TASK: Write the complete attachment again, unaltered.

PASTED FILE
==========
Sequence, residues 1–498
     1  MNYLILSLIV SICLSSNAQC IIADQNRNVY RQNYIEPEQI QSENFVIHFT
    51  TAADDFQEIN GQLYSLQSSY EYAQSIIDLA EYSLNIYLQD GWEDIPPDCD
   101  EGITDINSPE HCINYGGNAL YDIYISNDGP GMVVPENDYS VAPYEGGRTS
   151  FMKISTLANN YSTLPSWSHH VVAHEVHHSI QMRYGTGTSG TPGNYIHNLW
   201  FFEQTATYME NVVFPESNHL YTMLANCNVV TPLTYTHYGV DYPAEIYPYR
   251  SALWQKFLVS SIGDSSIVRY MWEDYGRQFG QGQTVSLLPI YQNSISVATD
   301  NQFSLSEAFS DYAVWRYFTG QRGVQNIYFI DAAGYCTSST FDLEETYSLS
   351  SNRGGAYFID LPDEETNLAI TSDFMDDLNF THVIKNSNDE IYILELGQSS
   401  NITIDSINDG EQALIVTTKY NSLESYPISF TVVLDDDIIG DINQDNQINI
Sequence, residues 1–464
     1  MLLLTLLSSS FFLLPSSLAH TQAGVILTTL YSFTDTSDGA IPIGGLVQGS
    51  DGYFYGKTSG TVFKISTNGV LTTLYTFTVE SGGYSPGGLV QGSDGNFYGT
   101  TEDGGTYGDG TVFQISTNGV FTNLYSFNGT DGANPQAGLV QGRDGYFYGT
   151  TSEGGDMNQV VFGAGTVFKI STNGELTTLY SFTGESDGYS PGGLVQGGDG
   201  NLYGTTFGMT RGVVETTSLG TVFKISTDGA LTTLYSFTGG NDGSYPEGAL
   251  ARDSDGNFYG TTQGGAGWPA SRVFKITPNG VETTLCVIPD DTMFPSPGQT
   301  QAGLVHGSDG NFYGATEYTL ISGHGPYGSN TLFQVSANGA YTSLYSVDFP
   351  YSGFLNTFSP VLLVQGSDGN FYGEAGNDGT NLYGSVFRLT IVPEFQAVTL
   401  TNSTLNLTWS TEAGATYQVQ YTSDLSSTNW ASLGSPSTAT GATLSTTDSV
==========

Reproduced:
Sequence, residues 1–498
     1  MNYLILSLIV SICLSSNAQC IIADQNRNVY RQNYIEPEQI QSENFVIHFT
    51  TAADDFQEIN GQLYSLQSSY EYAQSIIDLA EYSLNIYLQD GWEDIPPDCD
   101  EGITDINSPE HCINYGGNAL YDIYISNDGP GMVVPENDYS VAPYEGGRTS
   151  FMKISTLANN YSTLPSWSHH VVAHEVHHSI QMRYGTGTSG TPGNYIHNLW
   201  FFEQTATYME NVVFPESNHL YTMLANCNVV TPLTYTHYGV DYPAEIYPYR
   251  SALWQKFLVS SIGDSSIVRY MWEDYGRQFG QGQTVSLLPI YQNSISVATD
   301  NQFSLSEAFS DYAVWRYFTG QRGVQNIYFI DAAGYCTSST FDLEETYSLS
   351  SNRGGAYFID LPDEETNLAI TSDFMDDLNF THVIKNSNDE IYILELGQSS
   401  NITIDSINDG EQALIVTTKY NSLESYPISF TVVLDDDIIG DINQDNQINI
Sequence, residues 1–464
     1  MLLLTLLSSS FFLLPSSLAH TQAGVILTTL YSFTDTSDGA IPIGGLVQGS
    51  DGYFYGKTSG TVFKISTNGV LTTLYTFTVE SGGYSPGGLV QGSDGNFYGT
   101  TEDGGTYGDG TVFQISTNGV FTNLYSFNGT DGANPQAGLV QGRDGYFYGT
   151  TSEGGDMNQV VFGAGTVFKI STNGELTTLY SFTGESDGYS PGGLVQGGDG
   201  NLYGTTFGMT RGVVETTSLG TVFKISTDGA LTTLYSFTGG NDGSYPEGAL
   251  ARDSDGNFYG TTQGGAGWPA SRVFKITPNG VETTLCVIPD DTMFPSPGQT
   301  QAGLVHGSDG NFYGATEYTL ISGHGPYGSN TLFQVSANGA YTSLYSVDFP
   351  YSGFLNTFSP VLLVQGSDGN FYGEAGNDGT NLYGSVFRLT IVPEFQAVTL
   401  TNSTLNLTWS TEAGATYQVQ YTSDLSSTNW ASLGSPSTAT GATLSTTDSV